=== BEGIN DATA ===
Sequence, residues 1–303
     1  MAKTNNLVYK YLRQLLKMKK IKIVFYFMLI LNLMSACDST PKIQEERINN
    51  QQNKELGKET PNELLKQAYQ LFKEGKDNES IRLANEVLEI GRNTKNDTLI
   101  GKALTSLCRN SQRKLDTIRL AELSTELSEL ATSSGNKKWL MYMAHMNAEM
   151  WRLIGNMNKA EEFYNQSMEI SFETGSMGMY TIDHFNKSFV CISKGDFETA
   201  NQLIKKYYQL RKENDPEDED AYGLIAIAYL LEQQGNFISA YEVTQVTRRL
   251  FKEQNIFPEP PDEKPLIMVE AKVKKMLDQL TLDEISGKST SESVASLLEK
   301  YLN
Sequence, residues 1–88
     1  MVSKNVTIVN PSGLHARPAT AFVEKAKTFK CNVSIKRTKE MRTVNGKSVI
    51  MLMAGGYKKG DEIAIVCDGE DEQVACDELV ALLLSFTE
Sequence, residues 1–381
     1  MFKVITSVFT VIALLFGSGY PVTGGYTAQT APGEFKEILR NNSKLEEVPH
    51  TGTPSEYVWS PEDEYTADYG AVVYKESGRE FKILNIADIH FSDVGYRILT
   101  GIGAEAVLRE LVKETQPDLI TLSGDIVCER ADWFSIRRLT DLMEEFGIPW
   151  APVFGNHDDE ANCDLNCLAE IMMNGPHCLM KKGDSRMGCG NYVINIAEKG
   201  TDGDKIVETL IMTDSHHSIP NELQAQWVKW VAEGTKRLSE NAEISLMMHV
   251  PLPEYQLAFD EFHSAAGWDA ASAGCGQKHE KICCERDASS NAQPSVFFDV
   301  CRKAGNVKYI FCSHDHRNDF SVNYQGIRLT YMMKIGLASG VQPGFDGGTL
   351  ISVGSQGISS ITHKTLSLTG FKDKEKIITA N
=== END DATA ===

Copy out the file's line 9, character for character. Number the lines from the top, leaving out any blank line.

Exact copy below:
Sequence, residues 1–88